Consider the tales of two women with breast cancer, described in How We Do Harm, (Brawley, St. Martin’s Press 2012):
- Edna reports to an emergency room after her breast has fallen off entirely. She had health insurance until her employer raised the cost and she couldn’t afford it any more.
- Helen finds a lump in her breast and uses her generous insurance plan to get the very best surgeons and doctors. The Cadillac of care – including treatments that had no evidence of success but had severe side effects – nearly kills her.
Two terrible – and terribly common – examples of how the U.S. health system under-serves and over-serves, Brawley argues. As an oncologist and researcher, he can make a credible case.
The book exposes the medical profession’s self-interest and the many ways that it shows itself. I do not think that most doctors are deliberately profit-mongering. However, I do believe that many are blind to the downside of over-treatment, or of treatment that has weak evidence of success. They believe in what they are doing. The profit is a pleasant side effect.
This book does not specifically argue for central planning, but it does show that having an objective view is difficult (or nearly impossible) when the only input comes from the doctor providing the service and the patient receiving it. Americans hate the idea of some cold bureau deciding that a treatment is not worthwhile. Brawley’s book shows that warm-blooded decisions – clouded by the medical professional’s profit motive and by the patient’s fear — often lead to worse outcomes.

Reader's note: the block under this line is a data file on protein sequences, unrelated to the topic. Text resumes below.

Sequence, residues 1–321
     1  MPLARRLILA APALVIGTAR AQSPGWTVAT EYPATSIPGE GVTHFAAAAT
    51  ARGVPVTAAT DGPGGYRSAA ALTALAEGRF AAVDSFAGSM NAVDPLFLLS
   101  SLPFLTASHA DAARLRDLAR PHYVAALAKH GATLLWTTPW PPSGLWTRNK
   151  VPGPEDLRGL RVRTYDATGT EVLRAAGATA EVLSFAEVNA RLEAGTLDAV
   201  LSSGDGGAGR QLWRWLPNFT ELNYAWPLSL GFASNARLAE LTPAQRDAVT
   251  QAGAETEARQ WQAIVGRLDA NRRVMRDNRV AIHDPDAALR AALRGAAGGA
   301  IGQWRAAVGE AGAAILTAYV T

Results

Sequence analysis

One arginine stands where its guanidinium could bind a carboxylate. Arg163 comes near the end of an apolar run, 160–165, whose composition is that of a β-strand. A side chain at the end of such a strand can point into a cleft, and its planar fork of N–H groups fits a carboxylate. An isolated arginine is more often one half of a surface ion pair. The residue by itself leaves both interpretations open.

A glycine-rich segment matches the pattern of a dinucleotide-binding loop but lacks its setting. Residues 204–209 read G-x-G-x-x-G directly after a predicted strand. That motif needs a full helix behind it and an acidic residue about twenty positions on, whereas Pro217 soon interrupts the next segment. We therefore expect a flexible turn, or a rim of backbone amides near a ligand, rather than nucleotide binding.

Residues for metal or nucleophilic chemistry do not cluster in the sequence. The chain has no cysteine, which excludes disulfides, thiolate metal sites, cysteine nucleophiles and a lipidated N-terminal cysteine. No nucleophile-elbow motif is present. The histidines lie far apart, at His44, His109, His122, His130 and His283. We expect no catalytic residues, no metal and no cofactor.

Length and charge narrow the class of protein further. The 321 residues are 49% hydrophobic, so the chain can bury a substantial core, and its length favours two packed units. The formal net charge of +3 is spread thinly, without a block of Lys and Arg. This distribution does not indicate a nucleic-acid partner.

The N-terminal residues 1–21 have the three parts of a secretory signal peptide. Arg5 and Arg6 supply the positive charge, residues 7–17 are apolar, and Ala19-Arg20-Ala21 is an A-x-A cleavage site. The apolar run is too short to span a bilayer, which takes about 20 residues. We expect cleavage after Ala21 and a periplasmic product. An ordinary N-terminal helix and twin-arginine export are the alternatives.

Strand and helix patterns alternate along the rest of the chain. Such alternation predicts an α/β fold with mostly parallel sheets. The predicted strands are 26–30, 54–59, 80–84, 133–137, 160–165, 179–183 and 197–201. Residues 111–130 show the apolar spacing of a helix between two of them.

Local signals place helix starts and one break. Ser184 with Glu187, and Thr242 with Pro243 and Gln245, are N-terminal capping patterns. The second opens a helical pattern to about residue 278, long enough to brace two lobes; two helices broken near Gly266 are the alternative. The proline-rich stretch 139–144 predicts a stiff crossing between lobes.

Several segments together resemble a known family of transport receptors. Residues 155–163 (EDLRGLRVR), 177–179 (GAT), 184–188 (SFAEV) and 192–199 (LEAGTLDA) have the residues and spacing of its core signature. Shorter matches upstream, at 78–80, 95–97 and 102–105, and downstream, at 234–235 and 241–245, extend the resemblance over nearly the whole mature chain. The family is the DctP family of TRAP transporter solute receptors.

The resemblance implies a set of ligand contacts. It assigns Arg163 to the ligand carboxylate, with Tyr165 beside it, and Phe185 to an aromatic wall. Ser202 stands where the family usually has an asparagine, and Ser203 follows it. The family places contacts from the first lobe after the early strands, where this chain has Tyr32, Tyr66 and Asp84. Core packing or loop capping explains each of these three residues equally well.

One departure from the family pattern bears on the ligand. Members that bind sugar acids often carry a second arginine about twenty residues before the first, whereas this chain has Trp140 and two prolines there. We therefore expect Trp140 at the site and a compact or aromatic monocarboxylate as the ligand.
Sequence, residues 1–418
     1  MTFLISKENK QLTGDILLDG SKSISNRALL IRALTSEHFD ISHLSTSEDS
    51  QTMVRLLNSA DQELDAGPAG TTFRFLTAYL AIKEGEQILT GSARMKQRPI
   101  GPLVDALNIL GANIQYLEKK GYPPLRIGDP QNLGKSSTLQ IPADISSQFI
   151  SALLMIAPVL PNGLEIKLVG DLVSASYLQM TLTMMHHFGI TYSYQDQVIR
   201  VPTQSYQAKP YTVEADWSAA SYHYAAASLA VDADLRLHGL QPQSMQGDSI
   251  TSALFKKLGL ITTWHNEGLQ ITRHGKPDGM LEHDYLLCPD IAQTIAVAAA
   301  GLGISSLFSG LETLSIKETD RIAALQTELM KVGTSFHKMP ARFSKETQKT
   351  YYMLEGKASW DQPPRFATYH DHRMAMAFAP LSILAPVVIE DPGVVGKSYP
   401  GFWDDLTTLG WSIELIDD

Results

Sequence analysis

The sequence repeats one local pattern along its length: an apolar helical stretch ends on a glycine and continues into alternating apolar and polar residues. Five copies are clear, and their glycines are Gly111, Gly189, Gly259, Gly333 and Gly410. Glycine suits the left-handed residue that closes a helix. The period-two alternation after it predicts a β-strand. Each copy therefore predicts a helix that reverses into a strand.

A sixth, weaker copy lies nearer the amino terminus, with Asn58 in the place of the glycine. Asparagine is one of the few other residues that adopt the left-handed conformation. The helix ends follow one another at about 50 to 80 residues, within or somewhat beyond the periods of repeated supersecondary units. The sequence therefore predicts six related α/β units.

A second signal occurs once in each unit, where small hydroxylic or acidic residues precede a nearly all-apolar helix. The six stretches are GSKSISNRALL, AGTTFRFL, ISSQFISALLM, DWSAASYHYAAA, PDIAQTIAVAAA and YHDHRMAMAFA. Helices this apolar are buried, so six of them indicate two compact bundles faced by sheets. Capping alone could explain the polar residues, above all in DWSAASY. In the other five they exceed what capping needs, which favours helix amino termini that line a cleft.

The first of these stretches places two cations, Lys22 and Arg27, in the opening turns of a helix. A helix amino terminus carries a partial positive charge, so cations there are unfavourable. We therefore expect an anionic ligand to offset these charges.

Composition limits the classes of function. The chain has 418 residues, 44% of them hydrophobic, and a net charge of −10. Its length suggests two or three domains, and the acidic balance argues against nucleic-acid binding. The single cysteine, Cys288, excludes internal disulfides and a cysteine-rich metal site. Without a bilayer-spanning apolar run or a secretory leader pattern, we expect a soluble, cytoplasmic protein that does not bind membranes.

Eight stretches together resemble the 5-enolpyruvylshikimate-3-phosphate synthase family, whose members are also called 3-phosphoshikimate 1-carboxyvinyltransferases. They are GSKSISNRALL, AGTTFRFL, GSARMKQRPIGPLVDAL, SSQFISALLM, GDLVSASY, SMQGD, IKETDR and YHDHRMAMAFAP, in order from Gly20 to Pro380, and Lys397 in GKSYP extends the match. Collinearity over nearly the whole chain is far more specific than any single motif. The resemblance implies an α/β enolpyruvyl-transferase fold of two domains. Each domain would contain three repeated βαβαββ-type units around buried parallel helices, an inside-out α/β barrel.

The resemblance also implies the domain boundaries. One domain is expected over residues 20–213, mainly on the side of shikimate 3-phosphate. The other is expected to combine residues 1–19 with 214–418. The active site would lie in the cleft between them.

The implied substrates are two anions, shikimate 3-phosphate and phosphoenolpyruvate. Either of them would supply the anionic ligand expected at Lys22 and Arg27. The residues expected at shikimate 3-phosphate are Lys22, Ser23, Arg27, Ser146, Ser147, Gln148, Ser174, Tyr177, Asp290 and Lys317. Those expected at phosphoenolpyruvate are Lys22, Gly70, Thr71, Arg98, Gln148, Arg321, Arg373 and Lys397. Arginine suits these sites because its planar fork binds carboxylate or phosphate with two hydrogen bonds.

We will never get to any sort of central planning or even central recommendations in the U.S. Somehow, a science-based recommendation from an objective source is regarded with suspicion. After reading Brawley’s book, you may regard your doctor’s recommendation differently: his or her recommendation may not be based upon science. It could be based on how two or three patients have fared, or it could be based upon the results of your “wallet biopsy” – that is, whether your insurance will pay for the care. Yet Americans prefer this to the more dispassionate view, the one that is more likely to lead to more health for less money.
“The [U.S. health care] system is not failing. It’s functioning exactly as designed. It’s designed to run up health-care costs.”
This is my favorite line of the book, disheartening as it is. I hope more and more people will come to value the science and put the politics into perspective. With more scientists like Brawley writing excellent books, I have strengthened my hope.